The invention is very general and any type of resonant structure satisfying the above requirements can be used for its implementation. As examples and for definiteness, one can choose to work with two well-known, but quite different electromagnetic resonant systems: dielectric disks and capacitively-loaded conducting-wire loops. Even without optimization, and despite their simplicity, both will be shown to exhibit fairly good performance. Their difference lies mostly in the frequency range of applicability due to practical considerations, for example, in the optical regime dielectrics prevail, since conductive materials are highly lossy.

Consider a 2D dielectric disk cavity of radius r and permittivity ε surrounded by air that supports high-Q whispering-gallery modes, as shown in

The radial modal decay length, which determines the coupling strength κ≡|κ_{21}|=|κ_{12}|, is on the order of the wavelength, therefore, for near-field coupling to take place between cavities whose distance is much larger than their size, one needs subwavelength-sized resonant objects (r<<λ). High-radiation-Q and long-tailed subwavelength resonances can be achieved, when the dielectric permittivity ε is as large as practically possible and the azimuthal field variations (of principal number m) are slow (namely m is small).

One such TE-polarized dielectric-cavity mode, which has the favorable characteristics Q_{rad}=1992 and λ/r=20 using ε=147.7 and m=2, is shown in **18** for all subsequent calculations for this class of resonant objects. Another example of a suitable cavity has Q_{rad}=9100 and λ/r=10 using εε=65.61 and m=3. These values of ε might at first seem unrealistically large. However, not only are there in the microwave regime (appropriate for meter-range coupling applications) many materials that have both reasonably high enough dielectric constants and low losses, for example, Titania: ε≈96, Im{ε}/ε≈10^{−3}; Barium tetratitanate: ε≈37, Im{ε}/ε≈10^{−4}; Lithium tantalite: ε≈40, Im{ε}/ε≈10^{−4}; etc.), but also ε could instead signify the effective index of other known subwavelength (λ/r>>1) surface-wave systems, such as surface-plasmon modes on surfaces of metal-like (negative-ε) materials or metallodielectric photonic crystals.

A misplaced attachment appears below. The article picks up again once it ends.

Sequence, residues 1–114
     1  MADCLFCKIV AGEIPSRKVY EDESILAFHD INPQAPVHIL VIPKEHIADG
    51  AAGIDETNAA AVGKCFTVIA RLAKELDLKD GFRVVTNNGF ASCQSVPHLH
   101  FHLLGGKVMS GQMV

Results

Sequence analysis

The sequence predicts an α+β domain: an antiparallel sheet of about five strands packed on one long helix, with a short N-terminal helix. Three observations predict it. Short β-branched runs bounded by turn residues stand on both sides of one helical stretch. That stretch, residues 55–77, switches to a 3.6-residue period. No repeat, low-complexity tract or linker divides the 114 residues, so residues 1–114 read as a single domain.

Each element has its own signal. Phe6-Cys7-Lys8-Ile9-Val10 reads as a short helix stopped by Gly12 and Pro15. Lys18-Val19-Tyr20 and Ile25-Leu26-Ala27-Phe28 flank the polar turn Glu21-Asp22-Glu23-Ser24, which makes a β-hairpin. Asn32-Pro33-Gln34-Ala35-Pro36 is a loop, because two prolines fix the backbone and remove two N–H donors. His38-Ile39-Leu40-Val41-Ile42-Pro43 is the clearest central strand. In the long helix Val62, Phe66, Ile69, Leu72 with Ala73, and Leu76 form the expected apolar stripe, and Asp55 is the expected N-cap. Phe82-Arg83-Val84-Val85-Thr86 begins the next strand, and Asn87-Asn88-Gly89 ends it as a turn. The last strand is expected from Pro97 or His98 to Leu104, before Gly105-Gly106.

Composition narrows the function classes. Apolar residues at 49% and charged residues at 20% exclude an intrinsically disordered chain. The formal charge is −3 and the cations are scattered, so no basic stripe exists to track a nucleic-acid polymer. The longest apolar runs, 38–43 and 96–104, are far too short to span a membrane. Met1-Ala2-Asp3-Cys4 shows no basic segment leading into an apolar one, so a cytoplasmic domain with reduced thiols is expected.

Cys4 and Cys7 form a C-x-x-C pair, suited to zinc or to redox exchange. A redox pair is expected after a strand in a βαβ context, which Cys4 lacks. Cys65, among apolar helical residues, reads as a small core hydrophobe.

With regards to material absorption, typical loss tangents in the microwave (e.g. those listed for the materials above) suggest that Q_{abs}˜ε/Im{ε}˜10000. Combining the effects of radiation and absorption, the above analysis implies that for a properly designed resonant device-object d a value of Q_{d}˜2000 should be achievable. Note though, that the resonant source s will in practice often be immobile, and the restrictions on its allowed geometry and size will typically be much less stringent than the restrictions on the design of the device; therefore, it is reasonable to assume that the radiative losses can be designed to be negligible allowing for Q_{s}˜10000, limited only by absorption.

To calculate now the achievable rate of energy transfer, one can place two of the cavities **20**, **22** at distance D between their centers, as shown in _{12}=ω_{2}/2·∫d^{3}rE_{1}*(r)E_{2}(r)ε_{1}(r)/∫d^{3}r|E_{1}(r)|^{2}ε(r), where ε_{1,2}(r) denote the dielectric functions of only object **1** alone or **2** alone excluding the background dielectric (free space) and ε(r) the dielectric function of the entire space with both objects present. Numerically, one can find κ using FDTD simulations either by exciting one of the cavities and calculating the energy-transfer time to the other or by determining the split normal-mode frequencies. For the “test” disk cavity the radius r_{C }of the radiation caustic is r_{C}≈11r, and for non-radiative coupling D<r_{C}, therefore here one can choose D/r=10, 7, 5, 3. Then, for the mode of